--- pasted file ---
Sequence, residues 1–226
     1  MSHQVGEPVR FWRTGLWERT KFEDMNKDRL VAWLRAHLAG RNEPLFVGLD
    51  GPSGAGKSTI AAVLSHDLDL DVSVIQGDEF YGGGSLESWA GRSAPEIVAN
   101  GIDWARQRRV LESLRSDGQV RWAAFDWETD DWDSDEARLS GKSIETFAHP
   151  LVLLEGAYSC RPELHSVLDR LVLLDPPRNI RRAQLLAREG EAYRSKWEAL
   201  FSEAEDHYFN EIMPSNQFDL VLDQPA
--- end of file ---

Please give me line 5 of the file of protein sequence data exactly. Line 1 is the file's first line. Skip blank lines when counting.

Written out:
   151  LVLLEGAYSC RPELHSVLDR LVLLDPPRNI RRAQLLAREG EAYRSKWEAL